New initiative facilitates respectful Catholic cremation

New initiative facilitates respectful Catholic cremation An urn containing cremated remains is seen in a niche in the Holy Rood Cemetery mausoleum in Westbury, New York, in 2010. Photo: CNS.
Catholic business Eternum Columbarium wants to provide a dedicated space for cremated remains, Ruadhán Jones hears

The number of people opting for cremation instead of burials has risen steadily in Ireland and Northern Ireland over the last 20 years. In 2019, the figure sat at just under a quarter (22%) of deaths ending with cremation for both regions. Given that 79% of people in the UK now opt for cremation, it is only likely that this will increase, with Catholics proving no exception.

Historically, the Church has had a tense relationship with the practice due to the importance it places on a bodily resurrection. Up until 60 years ago, cremation was prohibited. Today, the Church recognises no doctrinal opposition to the practice, while maintaining a preference for bodily burial.

However, on one thing it is insistent – that the ashes be placed in a sacred place so the deceased is not excluded from prayers. This is a tricky proposition at present, with limited availability of spaces in Catholic institutions.

With this in mind, an enterprising young Catholic has set up a business to fill the gap. Eternum Columbarium, founded by Joseph O’Neill, works in partnership with parishes and churches to establish a columbarium – a room for storing funeral urns – for their local community.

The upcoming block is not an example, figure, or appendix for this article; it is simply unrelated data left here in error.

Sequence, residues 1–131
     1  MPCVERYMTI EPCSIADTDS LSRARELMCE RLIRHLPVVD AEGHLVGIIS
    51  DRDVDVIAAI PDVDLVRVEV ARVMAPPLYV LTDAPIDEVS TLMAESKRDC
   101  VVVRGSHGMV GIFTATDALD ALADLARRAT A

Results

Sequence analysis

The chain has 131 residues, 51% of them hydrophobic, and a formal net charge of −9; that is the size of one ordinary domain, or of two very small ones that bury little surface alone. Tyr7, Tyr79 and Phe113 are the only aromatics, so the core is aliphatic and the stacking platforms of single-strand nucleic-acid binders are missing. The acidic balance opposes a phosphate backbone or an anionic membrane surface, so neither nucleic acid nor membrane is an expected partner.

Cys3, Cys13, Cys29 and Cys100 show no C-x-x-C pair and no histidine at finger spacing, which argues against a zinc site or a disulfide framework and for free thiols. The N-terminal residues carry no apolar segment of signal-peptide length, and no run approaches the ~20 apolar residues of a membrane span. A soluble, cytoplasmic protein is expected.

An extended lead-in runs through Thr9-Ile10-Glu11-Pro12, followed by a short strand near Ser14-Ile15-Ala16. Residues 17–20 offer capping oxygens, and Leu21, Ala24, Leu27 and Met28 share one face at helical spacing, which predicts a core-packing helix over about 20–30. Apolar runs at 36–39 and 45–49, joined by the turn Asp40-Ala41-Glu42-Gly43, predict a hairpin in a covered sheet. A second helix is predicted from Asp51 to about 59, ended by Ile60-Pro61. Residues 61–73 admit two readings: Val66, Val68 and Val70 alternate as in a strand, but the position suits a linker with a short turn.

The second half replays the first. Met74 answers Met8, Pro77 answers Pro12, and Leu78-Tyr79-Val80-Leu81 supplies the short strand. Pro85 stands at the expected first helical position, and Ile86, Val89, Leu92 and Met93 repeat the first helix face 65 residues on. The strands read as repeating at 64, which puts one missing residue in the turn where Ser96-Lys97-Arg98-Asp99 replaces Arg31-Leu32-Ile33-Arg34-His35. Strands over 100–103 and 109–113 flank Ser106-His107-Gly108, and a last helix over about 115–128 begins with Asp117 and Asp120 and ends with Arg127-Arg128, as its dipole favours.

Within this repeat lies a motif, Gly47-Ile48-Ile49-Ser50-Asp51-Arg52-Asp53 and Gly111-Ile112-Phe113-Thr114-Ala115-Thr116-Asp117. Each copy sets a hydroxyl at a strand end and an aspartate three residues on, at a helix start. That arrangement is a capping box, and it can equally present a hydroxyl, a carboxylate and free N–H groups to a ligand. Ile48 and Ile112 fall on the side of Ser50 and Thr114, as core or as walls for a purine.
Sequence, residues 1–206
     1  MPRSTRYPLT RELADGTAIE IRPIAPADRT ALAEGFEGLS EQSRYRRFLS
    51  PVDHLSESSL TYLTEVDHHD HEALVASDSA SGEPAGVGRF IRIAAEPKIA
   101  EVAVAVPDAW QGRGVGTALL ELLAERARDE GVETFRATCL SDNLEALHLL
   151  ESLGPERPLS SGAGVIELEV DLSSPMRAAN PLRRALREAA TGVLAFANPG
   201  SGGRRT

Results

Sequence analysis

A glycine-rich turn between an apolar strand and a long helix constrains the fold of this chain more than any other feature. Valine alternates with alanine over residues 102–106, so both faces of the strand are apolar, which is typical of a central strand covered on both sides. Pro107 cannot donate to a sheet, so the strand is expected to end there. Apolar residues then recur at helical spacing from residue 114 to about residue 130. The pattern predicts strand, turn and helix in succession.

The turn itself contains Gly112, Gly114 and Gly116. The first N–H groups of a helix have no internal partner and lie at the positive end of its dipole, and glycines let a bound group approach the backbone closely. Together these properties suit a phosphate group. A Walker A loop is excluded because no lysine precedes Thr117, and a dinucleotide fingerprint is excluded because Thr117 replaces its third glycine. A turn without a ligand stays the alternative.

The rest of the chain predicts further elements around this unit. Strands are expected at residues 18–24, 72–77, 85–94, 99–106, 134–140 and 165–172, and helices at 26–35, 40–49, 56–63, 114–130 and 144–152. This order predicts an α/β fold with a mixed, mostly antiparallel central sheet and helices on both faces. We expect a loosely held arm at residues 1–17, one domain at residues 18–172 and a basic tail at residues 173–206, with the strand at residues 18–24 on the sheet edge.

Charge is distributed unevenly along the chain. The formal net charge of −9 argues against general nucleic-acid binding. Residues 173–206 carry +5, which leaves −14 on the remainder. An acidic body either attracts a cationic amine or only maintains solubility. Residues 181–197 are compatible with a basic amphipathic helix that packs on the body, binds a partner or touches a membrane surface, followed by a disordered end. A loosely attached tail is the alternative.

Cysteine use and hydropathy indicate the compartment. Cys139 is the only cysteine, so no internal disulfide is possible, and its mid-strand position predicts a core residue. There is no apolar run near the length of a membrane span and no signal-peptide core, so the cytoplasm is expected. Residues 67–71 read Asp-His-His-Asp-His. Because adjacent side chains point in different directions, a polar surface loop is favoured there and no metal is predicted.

“The idea came years ago in 2009,” Mr O’Neill begins. “First off, there was a church in Belfast, St Malachy’s, and the parish priest was having it renovated. He found space under floor and sold it off for urns. Then a Down and Connor priest installed columbarium in his church.

“I thought it was a good idea and something I could do as a business. He said absolutely, we’re going to need more and more of these, given the lack of burial space and more and more people choosing cremation, and Catholic attitudes to cremation changing.

“In 1964, the Church made its position clear, saying it has no doctrinal objections to cremation as it doesn’t change anything for the person after death. But the ashes must be kept whole, they can’t be scattered or kept home, and so they have to be kept in a columbarium.”


Mr O’Neill found that a number of churches were interested in setting up a columbarium for their parishioners. However, the parishes found them expensive to set up and manage, he explains: “They don’t have the resources to set up a columbarium, so I work in partnership with them. It doesn’t cost the parish anything, I cover the costs, but we split any profits then.”

Eternum Columbarium’s first venture is set to launch September 11, when a new columbarium will open in Ennis Cathedral.

“I’m excited for the launch, we’re hoping to open September 11, and it’ll be installed that week,” Mr O’Neill tells me. “Already, even though I haven’t advertised it except in parish bulletin, 100 niches have been reserved. It’s in the old mortuary chapel, which can fit 240 niches, each of which holds one urn. That means almost half have been sold already.”